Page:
On June 1, the Atlantic Council’s Cyber Statecraft Initiative hosted “Cyber 9/12 Project: The Role of the Media During a Cyber Crisis.”

The event launched an issue brief containing key recommendations stemming from the Cyber 9/12 Project, and continued the discussion with Robert J. Giesler and Tom Gjelten on the role the media plays during a cyber crisis. Jason Healey, director of the Council’s Cyber Statecraft Initiative, moderated the discussion.

This event is a follow-up to “The Cyber 9/12 Project” held in December 2011. Sponsored by SAIC, the conference was an all-day, scenario-driven, interactive exercise to discuss the day-after response to a transatlantic cyber incident. The conference involved representatives from the US and foreign governments, and information and communication technology companies, and discussed the impact of the incident, the potential response, and the greater national security implications.

Robert J. Giesler is the special adviser on irregular warfare at Johns Hopkins University’s Applied Physics Laboratory. Prior to this, he was vice president and corporate executive agent for Science Applications International Corporation (SAIC)’s cyber program, where he was responsible for developing corporate-wide strategies, programs, and investments in all facets of the cyber domain. Mr. Giesler has also served as the director for Information Operations and Strategic Studies in the Office of the Secretary of Defense. He is a retired Army officer, with contributions to the information operations (IO) and cyber operations fields beginning in 1980 with development and management of unique capabilities directed against strategic targets. Mr. Giesler participated in the first Information Warfare Net Assessment panel in 1995 and continuously participated in Joint IO Campaign Plans as either a planner or capabilities provider between 1990 and 2007.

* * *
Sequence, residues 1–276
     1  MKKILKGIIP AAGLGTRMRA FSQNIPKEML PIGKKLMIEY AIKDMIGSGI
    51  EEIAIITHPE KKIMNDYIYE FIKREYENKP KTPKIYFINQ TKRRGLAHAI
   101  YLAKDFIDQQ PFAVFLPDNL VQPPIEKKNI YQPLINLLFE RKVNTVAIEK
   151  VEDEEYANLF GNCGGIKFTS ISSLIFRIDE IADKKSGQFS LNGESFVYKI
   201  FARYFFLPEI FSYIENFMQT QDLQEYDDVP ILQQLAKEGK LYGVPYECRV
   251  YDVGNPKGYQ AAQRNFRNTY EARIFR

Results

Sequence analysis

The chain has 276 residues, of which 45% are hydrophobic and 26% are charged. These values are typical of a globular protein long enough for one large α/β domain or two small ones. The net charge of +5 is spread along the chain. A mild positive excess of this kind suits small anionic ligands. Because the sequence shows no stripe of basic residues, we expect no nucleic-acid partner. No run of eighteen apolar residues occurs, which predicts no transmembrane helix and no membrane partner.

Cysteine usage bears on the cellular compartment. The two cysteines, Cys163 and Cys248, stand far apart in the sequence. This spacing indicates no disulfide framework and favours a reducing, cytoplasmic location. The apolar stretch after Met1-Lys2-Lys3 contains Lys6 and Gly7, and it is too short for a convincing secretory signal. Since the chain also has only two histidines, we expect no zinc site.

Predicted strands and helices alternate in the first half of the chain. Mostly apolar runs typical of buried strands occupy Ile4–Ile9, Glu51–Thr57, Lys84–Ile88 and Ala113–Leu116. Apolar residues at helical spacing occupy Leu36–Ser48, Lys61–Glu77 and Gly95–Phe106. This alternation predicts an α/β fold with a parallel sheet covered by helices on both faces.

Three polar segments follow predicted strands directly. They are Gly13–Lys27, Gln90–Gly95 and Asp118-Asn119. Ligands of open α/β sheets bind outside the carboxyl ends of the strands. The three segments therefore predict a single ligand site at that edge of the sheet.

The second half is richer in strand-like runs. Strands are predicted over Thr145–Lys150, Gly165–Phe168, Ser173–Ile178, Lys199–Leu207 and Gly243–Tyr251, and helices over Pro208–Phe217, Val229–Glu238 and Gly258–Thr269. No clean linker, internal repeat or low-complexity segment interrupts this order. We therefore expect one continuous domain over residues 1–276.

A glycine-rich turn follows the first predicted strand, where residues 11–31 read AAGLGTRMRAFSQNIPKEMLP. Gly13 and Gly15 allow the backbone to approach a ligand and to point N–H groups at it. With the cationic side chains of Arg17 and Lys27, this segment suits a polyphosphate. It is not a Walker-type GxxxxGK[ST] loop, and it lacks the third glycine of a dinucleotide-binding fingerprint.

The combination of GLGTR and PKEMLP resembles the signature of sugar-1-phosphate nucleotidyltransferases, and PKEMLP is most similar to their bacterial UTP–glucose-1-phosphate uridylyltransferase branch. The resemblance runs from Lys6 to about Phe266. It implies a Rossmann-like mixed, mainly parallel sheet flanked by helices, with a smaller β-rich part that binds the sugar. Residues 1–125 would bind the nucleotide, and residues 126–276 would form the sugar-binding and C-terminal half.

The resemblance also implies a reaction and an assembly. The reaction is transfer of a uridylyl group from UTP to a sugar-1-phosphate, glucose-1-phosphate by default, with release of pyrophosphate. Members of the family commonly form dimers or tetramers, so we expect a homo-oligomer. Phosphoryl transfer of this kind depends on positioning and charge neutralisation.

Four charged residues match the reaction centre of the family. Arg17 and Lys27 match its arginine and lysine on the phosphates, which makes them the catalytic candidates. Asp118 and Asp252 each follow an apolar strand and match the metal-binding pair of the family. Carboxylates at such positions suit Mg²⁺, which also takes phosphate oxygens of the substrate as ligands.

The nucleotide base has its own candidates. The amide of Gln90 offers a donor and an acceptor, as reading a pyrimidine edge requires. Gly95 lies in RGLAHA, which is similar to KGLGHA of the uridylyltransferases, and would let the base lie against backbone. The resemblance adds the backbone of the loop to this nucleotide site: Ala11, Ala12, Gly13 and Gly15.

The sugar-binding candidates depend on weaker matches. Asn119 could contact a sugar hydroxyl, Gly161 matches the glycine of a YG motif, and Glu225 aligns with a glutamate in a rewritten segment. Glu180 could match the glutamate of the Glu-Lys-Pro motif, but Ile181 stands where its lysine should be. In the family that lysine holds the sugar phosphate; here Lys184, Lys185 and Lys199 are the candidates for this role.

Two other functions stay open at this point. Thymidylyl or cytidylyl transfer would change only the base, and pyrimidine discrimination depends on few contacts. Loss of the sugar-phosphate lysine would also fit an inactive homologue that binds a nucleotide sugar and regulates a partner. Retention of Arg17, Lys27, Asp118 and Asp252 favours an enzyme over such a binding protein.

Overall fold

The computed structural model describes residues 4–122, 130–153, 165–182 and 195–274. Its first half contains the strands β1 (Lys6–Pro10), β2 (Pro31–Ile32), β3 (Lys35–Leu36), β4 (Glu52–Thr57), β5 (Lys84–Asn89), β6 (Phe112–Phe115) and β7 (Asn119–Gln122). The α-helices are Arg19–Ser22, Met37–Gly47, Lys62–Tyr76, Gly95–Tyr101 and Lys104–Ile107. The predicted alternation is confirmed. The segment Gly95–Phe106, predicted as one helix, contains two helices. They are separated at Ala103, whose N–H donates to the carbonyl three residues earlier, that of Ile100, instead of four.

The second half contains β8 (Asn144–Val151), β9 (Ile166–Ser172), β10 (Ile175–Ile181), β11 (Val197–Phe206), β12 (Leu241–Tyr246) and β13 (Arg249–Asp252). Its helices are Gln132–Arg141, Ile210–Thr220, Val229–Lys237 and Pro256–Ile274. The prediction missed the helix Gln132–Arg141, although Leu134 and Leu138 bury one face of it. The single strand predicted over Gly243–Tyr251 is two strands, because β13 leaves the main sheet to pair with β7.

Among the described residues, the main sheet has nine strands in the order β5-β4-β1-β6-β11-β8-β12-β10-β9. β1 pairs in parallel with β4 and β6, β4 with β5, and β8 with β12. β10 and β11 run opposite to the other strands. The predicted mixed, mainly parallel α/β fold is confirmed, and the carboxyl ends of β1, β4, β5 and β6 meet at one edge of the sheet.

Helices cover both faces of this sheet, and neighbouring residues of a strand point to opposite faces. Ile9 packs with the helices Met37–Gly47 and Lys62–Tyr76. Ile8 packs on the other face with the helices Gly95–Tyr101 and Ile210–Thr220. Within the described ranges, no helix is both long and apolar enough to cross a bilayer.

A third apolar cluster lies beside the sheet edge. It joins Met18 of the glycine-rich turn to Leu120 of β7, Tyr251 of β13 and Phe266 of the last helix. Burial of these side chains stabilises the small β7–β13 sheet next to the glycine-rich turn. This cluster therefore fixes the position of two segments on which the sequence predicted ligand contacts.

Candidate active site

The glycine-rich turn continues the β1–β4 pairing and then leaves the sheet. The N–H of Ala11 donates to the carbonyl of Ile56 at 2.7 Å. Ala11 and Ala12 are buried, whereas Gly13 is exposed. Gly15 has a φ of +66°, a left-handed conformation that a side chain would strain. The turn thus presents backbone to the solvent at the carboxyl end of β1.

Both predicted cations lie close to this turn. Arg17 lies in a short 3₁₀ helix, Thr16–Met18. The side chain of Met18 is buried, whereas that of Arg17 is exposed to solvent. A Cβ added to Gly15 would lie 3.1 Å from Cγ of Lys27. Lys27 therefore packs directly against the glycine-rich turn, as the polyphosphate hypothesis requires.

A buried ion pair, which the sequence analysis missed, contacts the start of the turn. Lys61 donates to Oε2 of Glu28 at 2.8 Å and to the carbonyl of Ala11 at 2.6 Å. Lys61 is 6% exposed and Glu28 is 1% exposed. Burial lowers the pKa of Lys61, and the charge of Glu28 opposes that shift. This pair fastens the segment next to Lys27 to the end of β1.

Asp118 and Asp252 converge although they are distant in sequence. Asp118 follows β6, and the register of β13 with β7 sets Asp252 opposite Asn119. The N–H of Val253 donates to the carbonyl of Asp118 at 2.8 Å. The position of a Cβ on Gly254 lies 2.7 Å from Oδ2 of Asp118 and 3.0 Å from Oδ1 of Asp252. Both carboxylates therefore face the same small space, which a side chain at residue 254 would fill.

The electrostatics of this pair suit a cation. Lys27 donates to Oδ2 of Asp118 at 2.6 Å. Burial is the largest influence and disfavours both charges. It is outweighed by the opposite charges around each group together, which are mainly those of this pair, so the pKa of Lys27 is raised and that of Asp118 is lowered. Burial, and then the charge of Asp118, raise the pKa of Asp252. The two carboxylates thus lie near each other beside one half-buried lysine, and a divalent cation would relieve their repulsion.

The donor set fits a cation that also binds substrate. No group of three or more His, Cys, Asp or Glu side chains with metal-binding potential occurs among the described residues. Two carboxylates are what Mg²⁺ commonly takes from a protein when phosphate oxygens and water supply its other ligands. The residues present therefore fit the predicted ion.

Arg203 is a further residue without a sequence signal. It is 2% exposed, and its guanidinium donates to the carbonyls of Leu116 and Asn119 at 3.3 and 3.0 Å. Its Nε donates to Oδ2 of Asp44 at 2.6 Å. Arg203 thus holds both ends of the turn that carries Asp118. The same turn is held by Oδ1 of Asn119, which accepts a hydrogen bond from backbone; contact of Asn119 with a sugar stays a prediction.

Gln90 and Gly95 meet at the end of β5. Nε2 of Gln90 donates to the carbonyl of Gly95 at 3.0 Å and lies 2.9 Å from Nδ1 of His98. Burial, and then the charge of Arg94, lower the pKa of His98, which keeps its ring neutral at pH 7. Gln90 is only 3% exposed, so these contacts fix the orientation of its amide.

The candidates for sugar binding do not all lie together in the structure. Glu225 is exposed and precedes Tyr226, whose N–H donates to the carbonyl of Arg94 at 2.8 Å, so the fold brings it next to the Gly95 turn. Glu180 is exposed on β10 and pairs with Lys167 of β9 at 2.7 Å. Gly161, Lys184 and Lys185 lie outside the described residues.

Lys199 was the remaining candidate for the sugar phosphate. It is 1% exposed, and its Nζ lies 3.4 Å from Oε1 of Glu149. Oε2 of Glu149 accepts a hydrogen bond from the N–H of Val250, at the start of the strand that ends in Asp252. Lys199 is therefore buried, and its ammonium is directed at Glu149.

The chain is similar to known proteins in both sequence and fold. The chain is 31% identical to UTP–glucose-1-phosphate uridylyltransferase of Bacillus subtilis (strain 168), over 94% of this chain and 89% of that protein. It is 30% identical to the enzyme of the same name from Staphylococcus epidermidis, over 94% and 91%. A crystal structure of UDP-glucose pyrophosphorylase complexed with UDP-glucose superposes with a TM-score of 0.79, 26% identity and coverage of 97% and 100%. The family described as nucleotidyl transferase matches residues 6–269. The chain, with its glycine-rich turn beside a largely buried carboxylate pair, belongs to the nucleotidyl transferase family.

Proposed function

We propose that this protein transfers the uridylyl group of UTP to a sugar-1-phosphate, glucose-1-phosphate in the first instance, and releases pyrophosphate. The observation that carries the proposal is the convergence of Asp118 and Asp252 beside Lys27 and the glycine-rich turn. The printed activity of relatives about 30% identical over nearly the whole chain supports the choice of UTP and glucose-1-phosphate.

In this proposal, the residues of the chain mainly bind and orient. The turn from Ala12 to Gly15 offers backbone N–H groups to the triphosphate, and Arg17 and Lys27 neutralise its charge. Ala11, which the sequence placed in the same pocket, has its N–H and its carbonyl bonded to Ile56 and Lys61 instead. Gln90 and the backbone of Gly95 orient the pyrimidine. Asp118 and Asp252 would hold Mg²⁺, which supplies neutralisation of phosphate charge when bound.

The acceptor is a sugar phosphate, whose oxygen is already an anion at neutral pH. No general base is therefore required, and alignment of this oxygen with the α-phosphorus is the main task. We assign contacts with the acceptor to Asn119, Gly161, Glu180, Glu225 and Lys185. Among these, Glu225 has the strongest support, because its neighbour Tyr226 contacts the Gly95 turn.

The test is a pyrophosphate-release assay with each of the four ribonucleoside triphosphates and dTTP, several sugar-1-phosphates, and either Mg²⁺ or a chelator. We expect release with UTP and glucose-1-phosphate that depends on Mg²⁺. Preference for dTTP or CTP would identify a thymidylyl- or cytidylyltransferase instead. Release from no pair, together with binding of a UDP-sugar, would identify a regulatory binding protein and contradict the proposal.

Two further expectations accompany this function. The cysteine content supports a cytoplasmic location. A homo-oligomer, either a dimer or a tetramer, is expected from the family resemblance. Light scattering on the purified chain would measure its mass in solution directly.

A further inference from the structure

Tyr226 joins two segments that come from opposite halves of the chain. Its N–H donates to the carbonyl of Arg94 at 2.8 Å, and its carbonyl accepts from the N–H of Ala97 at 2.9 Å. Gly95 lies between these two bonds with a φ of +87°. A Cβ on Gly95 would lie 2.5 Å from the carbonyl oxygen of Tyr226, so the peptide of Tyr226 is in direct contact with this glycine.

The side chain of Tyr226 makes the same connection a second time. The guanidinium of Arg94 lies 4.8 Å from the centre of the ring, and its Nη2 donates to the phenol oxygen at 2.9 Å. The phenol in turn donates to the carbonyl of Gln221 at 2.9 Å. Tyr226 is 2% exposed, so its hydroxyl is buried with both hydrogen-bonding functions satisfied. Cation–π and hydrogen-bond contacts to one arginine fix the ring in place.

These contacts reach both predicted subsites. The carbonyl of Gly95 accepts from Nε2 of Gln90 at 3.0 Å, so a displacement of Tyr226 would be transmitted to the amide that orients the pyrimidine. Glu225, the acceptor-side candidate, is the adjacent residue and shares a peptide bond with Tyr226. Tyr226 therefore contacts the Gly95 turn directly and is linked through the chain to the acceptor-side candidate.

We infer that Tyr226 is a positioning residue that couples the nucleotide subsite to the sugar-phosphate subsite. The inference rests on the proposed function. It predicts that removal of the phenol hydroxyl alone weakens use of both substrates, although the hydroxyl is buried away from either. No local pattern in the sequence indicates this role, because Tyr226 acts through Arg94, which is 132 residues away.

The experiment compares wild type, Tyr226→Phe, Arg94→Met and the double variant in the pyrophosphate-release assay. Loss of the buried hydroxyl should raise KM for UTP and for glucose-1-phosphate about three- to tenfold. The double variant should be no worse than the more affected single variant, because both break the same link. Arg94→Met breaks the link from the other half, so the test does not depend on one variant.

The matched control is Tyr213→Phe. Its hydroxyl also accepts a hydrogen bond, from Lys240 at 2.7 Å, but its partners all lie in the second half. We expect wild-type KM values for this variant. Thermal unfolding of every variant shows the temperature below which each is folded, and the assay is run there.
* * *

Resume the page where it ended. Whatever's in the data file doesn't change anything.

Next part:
Tom Gjelten covers a wide variety of global security, US diplomacy and military affairs, and economic issues for National Public Radio (NPR). He brings to that assignment many years covering international news from posts in Washington and around the world. His overseas reporting experience includes stints in Mexico City from 1986 to 1990 and in Berlin from 1990 to 1994. During those years, he covered the wars in Nicaragua, El Salvador, Guatemala, and Colombia, as well as the Gulf War of 1990-1991 and the wars in Croatia and Bosnia. His reporting from Sarajevo from 1992 to 1994 was the basis for his book Sarajevo Daily: A City and Its Newspaper Under Siege. He is also the author of Professionalism in War Reporting: A Correspondent’s View (Carnegie Corporation). Mr. Gjelten’s most recent book is Bacardi and the Long Fight for Cuba: The Biography of a Cause, a unique history of modern Cuba, told through the life and times of the Bacardi rum family. The New York Times selected it as a “Notable Nonfiction Book,” and the Washington Post, Kansas City Star, and San Francisco Chronicle all listed it among their “Best Books of 2008.”